What the GLA report actually says is: “It is recommended that the Mayor’s request to consider reversing the previous Mayor’s decision to act as planning authority is consulted on for 14 days, after which the Mayor will be able to consider the option of returning the application to Merton Council to determine.”

Wilful spin is not what you expect from your local council. Wilful spin and misrepresentation of the facts is what we are getting. Shame on you, Merton Council.

 

 

 

This process stinks

Anyone got any confidence left that the planning process is anything like transparent for Plough Lane development plans?

AFC Wimbledon supporters are fed up that their stadium ambitions are being held up. Residents are fed up that the whole scheme stinks of predetermination. And it’s a stink that gets stronger by the day.

Why so?

Exhibit A: Cllr Alambritis, Leader of Merton Council, who happily declares after a private meeting with the Mayor of London: “I’m very confident that this decision will be handed back to the London Borough of Merton and we will affirm the decision we took on December 10 that the club can go ahead with building a new stadium on Plough Lane.”

That’s a mighty confident stance to take considering the Mayor of London said he would only make a decision following a two-week consultation and subsequent 14-day period during which submissions would be considered.

Exhibit B: Merton and Wandsworth GLA representative Leonie Cooper emails a constituent on August 4 (while the consultation was still open to submissions) to say that the Mayor had already sent the plans back to Merton for determination. Bear in mind that Ms Cooper is a close colleague of Sadiq Khan, so you might expect her to have the inside track on the issue. But knowing for sure that the plans were being sent back to Merton before the consultation had even ended? Fishy, indeed.

Exhibit C: Leonie Cooper (yes, her again) tweets at 0926am on August 18 from her account:

In reply to

what fix? Passed back to as no grounds to intervene (Boris call-in was spurious)

 

She is again claiming that the application has been passed back to Merton Council, despite the fact that this has not yet been made public, and we are still within the 14-day consideration period following the close of consultation on August 10.

Exhibit D: In an email to a constituent sent on the afternoon of that same day August 18, Ms Cooper states:  “the Mayor has not yet made a final determination, as he has not yet had the chance to look at the various submissions made during the consultation.” This statement contradicts both her tweet earlier that day, and her statement of August 4. Make your mind up, Leonie!

If the Mayor of London does hand this planning application straight back to Merton, the suspicion will always be there: was this most recent consultation a mere case of window dressing? It stinks.

Many thanks to all those who continue to contact us with background information and links that enable us to keep residents informed about the ongoing intricacies of this complicated issue. A direct message on twitter is the best way to stay in touch @SW19Stadium

 

Why the Mayor of London should determine Plough Lane plans

1 Pre determination
Merton Council had already ‘saved’ the stadium site for AFCW long before plans were even submitted. Cllr Andrew Judge stated publicly that a school couldn’t go there because it had been saved for AFCW; Future Merton was tasked with making sure barriers were cleared for the football club to take over the site. As a result of this, the council’s planning department has failed to take a neutral approach to the plans, effectively acting as an advocate for the developers rather than considering them objectively and comprehensively.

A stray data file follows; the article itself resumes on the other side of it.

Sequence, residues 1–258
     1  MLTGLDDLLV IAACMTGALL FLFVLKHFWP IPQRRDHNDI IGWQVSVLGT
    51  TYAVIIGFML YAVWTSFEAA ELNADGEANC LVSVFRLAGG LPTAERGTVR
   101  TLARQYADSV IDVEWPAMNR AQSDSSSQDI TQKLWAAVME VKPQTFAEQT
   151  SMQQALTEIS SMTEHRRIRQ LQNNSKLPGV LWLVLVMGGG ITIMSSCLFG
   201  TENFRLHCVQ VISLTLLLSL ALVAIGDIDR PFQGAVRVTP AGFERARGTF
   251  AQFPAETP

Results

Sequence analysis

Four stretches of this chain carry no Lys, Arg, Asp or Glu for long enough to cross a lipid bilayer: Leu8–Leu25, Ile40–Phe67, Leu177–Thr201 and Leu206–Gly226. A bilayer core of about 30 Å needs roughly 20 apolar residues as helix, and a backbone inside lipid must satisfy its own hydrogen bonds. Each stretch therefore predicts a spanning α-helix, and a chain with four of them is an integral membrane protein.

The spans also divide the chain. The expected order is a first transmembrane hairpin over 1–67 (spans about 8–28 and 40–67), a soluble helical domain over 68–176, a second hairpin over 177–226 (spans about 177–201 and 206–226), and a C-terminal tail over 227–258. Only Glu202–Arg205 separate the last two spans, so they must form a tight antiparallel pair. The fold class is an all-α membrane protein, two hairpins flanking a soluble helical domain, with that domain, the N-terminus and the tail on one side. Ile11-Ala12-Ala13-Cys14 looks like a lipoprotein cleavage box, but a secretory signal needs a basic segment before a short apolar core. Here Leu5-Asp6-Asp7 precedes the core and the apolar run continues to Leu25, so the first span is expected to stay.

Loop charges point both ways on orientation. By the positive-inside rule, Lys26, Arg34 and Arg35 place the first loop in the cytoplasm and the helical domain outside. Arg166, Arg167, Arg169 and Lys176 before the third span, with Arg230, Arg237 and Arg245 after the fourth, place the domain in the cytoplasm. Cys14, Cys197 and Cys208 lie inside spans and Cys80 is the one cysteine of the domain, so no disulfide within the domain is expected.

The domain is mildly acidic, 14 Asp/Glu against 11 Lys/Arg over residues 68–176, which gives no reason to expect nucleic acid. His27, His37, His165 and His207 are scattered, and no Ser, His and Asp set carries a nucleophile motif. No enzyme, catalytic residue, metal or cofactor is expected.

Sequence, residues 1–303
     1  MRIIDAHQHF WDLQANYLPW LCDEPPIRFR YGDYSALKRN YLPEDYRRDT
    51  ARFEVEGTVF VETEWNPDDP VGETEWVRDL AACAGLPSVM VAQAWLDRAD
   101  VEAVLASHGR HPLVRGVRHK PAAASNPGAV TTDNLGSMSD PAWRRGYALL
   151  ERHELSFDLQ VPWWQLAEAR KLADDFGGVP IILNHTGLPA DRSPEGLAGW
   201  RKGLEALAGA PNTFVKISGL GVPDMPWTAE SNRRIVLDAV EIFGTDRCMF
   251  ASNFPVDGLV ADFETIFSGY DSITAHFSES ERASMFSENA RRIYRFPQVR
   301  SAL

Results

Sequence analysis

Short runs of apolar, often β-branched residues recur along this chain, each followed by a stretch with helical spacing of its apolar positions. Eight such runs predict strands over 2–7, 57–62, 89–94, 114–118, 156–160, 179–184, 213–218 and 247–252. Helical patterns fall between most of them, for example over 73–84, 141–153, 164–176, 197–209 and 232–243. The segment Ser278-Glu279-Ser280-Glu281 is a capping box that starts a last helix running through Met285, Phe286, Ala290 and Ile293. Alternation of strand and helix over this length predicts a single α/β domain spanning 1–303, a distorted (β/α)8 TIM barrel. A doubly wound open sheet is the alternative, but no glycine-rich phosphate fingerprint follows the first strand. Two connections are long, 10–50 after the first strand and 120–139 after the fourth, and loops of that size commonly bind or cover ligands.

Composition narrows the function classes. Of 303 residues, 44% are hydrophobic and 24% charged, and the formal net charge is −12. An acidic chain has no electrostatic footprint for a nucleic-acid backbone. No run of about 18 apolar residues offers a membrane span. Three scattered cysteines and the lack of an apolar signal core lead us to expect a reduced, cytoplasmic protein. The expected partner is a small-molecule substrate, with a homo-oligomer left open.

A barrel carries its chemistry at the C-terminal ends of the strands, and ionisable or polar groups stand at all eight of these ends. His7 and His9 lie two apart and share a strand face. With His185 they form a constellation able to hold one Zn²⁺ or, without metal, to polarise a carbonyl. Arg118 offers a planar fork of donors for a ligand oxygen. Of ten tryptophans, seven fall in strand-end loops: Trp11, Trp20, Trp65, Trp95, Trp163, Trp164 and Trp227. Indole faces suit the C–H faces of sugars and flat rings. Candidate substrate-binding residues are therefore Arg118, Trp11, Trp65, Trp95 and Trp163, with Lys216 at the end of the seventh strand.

2 Transport
Merton Council is so biased towards the development plans that it has failed to properly consider its effects on the local road and public transport network. It has failed to mention that the Plough Lane area is among the most congested locations in the borough as reported by TfL. It has also totally neglected to consider the considerable disruption that will come with Crossrail 2 in relation to this large scale development.

3 Retail
Since the Plough Lane scheme, which includes a large retail unit, was approved in December, the shopping situation in the immediate vicinity is now quite different. Not only has a Coop store opened less than five minutes’ walk away in Durnsford Road, but a Lidl is about to open directly opposite the stadium, and a Sainsbury’s is currently being built at the top of Haydons Road. The retail assessment, which stated originally “there is a deficiency of convenience facilities within the vicinity of the application site” therefore clearly now needs to be re-considered.

4 Flood risk
Since the application was approved, Plough Lane itself has flooded repeatedly due to heavy rain, and after gutters were swept – a groundwater issue which Merton has obviously failed to take into consideration. Our local council appears to be in denial about flooding and subsequent transport problems in the Plough Lane area, having failed to put it on its list of black spots to avoid during flood incidents despite the road being impassable and with traffic queues backing up in all directions.

5 Pollution
The Plough Lane/Haydons Road area with its almost permanent traffic jams is among Merton’s most polluted, yet this fact has not even been considered by planners as far as the housing and stadium development is concerned. This cannot be right. Merton Borough’s approach here – as elsewhere – appears to be, build it and fix it later. This is inappropriate as well as reckless.

The deadline for comments on the Plough Lane development is AUGUST 10. Send your email to planningadmin@london.gov.uk to ensure loose ends are considered and properly dealt with before Merton lets Galliard Homes and AFC Wimbledon effectively do whatever they like with our neighbourhood.